Let me add an anecdote I once faced in legacy code. The system used error codes to signal the success or failure of a function. Okay, they checked the error codes. This was fine. But due to the error codes, the functions didn’t use return values. The consequence was that the functions operated on global variables and had no parameters because they used the global variables anyway. The end of the story was that the system was not maintainable or testable, and my job was it to refactor it. 

The typical wrong usage of exception handling I see is the following one. You catch every exception in every function. In the end, you get unmaintainable code with a spaghetti-like structure. Exceptions are not a tool to make a fast fix but should be part of the overall system architecture. Imagine you design an input sub-system. You must also document and test the exceptions that can occur. Exceptions are an essential part of the non-functional channel and, therefore, part of the contract you provide to your sub-system user. It would help to have a clear boundary between the application and the sub-system. The result may be that the sub-system translates the obscure exceptions into simpler ones so the application can react. Translating an exception means that you catch obscure exceptions in the sub-system and re-throw an easy-do-digest exception:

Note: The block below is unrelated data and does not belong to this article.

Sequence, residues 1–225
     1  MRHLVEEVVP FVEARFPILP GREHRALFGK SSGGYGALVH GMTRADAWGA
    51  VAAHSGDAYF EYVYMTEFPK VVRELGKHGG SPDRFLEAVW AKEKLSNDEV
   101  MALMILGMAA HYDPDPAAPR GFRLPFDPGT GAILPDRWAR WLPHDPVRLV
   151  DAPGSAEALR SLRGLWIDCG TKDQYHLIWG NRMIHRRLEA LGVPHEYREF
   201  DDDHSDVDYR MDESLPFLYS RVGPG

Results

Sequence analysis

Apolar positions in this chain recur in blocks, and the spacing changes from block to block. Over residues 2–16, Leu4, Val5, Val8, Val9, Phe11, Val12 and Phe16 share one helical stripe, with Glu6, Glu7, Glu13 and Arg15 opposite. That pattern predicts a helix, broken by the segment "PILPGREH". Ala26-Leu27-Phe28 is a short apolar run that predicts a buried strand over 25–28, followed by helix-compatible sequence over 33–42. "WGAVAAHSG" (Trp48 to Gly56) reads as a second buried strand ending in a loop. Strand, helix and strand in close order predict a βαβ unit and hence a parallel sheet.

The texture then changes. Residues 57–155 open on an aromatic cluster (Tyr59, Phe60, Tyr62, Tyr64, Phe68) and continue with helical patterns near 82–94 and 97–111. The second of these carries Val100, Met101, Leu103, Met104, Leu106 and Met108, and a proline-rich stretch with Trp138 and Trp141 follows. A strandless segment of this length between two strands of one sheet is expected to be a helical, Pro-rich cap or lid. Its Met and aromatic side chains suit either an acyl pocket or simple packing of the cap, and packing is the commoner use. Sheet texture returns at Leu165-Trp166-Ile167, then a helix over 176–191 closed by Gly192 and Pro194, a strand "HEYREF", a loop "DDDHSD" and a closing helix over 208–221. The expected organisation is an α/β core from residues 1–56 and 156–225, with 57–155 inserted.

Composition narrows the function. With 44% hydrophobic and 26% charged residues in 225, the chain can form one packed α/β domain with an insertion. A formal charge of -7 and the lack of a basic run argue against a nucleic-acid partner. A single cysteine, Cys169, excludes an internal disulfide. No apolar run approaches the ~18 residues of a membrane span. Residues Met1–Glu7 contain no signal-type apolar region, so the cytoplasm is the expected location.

// code, that may throw an obscure exception
  catch (ObscureException18& ob){
      throw InputSubsystemError("File has wrong permissions!");


The result of such a system architecture including the non-functional channel (exceptions) is that you can test the sub-system in isolation, you can test the integration of the sub-system into the application, and you can test the system (application). 

The last myth for today is relatively easy to spot.

NR.4: Don’t: Place each class declaration in its own source file

The correct way to structure your code is not to use files but to use namespaces. Using a file for each class declaration results in many files, making your program more complicated to manage and slower to compile.

What’s next?

You can be sure. The C++ core guidelines and I’m not done with the non-rules and myths of C++. I will continue in my next post. Afterward, when you encounter the non-rules and myths, you should know how to demystify them.